The Power of Grief Written By Max’s Mum
I’ve had various encounters with grief over the years, the first being when my Dad passed away. He died suddenly aged 47 from a heart attack. At the time I didn’t realise how badly it had affected me, I was in shock for a year or more. Looking back now I realise that it caused me all sorts of issues, I barely ate, drank a lot and did everything possible to avoid the process of grieving. I caused more harm than good. It took years to get back to my happy self, because I never really understood what was going on or what coping mechanisms I could have used.
When my Nan passed away a few years later, it brought back memories of our childhood spent in Spain where she lived, she was a wonderful, loving woman. She’d recently moved over to England with her husband Paul so they could have a bit of support as they were getting older and every day activities were becoming more difficult. The last time I spoke her she told me that she felt cold all the time, she died a few days later. In a way I felt that the universe had looked after them, they’d moved over here for their final days and that’s exactly what happened. I find some peace in knowing this.
My Grandad passed away at the age of 90, he was an incredible man, so positive despite having several heart operations including a heart bypass. He found joy in every day and was an inspiration to many. I am very fond of my Grandad, he with my Nan looked after us (my Sister Lou and I) a lot when we were growing up while our parents were at work. I have so many fabulous memories of day trips out and holidays down the seaside with our cousins. We have such funny stories and memories to treasure forever. When I write about him I smile. I last saw my Grandad in hospital, he was very emotional, he thanked me for being part of his family and said how grateful he was for the wonderful life he had lived. He knew. A couple of days later he passed away. We all knew that this was coming, it was of course still extremely sad but after hearing how happy and grateful he was with his life I found it easier to accept.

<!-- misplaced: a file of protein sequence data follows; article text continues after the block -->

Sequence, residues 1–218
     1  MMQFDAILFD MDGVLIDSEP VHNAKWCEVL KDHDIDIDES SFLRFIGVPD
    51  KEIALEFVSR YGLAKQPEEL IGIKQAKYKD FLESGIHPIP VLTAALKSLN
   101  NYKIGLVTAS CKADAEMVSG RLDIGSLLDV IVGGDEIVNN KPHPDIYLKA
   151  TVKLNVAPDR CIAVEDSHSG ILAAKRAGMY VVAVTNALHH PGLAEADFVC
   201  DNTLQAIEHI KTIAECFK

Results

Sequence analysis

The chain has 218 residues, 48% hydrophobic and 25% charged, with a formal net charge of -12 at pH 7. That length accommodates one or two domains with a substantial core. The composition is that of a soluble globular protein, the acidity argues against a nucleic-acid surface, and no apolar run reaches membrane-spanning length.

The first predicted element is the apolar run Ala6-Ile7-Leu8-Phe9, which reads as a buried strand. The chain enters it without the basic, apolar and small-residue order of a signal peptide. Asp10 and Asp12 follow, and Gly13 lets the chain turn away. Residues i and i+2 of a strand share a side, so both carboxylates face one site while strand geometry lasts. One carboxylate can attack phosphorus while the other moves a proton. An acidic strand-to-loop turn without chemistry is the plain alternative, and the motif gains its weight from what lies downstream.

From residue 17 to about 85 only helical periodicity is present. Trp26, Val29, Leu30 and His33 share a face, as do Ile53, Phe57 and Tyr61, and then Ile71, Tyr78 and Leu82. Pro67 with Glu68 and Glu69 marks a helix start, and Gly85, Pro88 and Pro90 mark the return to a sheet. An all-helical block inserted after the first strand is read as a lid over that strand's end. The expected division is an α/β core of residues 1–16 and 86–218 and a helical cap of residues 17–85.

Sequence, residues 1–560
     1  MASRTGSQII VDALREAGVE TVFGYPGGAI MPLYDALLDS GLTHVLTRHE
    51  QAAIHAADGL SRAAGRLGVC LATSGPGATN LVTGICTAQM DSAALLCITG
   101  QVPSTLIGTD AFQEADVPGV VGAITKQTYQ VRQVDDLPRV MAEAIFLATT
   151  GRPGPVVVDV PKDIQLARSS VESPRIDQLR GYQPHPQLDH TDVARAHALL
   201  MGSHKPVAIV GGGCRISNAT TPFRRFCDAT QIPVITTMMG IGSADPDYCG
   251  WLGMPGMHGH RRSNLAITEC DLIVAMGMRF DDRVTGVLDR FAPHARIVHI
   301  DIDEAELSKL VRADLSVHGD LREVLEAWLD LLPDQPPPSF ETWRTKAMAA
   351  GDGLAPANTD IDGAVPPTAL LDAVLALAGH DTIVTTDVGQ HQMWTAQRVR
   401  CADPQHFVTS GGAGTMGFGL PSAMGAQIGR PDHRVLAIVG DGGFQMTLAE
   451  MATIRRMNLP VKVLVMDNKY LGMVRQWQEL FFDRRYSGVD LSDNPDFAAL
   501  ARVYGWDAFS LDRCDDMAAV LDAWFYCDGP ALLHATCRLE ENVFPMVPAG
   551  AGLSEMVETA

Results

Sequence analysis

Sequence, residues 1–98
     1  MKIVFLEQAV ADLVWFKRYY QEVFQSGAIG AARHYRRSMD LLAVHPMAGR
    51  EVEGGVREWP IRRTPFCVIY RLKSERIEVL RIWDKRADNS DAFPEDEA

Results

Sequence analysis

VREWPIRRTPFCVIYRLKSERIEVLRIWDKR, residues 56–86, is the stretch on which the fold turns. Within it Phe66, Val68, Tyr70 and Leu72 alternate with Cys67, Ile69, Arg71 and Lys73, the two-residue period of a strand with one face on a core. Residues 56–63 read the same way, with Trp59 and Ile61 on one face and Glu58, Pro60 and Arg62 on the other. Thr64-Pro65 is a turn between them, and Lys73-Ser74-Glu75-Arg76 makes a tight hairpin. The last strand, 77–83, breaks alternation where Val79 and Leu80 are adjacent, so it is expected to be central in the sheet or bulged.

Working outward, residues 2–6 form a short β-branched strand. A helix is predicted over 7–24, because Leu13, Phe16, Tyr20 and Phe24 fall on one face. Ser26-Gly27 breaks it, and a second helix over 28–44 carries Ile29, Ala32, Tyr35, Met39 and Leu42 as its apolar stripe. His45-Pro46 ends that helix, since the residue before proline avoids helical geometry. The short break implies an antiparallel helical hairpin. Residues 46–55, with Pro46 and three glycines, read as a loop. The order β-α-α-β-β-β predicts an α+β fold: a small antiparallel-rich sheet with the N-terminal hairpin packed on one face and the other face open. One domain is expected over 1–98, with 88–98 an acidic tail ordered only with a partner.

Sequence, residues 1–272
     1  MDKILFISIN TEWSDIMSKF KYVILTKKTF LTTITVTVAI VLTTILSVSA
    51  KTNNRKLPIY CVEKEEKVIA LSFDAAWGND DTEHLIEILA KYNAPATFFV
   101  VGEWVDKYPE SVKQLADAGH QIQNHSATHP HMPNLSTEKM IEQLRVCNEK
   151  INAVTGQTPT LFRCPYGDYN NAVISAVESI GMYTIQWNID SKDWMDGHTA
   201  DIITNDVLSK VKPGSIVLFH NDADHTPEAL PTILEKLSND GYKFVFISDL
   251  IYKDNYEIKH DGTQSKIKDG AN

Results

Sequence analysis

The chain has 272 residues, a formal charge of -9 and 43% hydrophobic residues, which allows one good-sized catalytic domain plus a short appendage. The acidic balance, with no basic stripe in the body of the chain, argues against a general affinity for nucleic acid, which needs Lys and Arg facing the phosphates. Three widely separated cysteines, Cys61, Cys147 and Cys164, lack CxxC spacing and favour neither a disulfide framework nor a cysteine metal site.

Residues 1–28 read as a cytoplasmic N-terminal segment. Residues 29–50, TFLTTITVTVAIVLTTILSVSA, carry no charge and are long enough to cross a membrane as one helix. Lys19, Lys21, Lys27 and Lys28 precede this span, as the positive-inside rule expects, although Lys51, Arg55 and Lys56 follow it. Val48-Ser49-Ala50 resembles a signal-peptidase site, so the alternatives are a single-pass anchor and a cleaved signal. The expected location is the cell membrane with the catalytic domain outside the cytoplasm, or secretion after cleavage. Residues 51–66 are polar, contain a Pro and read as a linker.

Max, my precious first born. When Max was diagnosed with cancer in February 2019, I was absolutely terrified but somehow, with the support from Barry (Max’s Daddy) and our family and friends, I found the strength to hold it together and make the most of every day with Max with an uncertain future. He was a heaven sent little character, always full of joy and smiles, he was, still is my world.
It was only one week before Max passed away that I actually believed that he may die, as we had now tried everything in our power to cure him.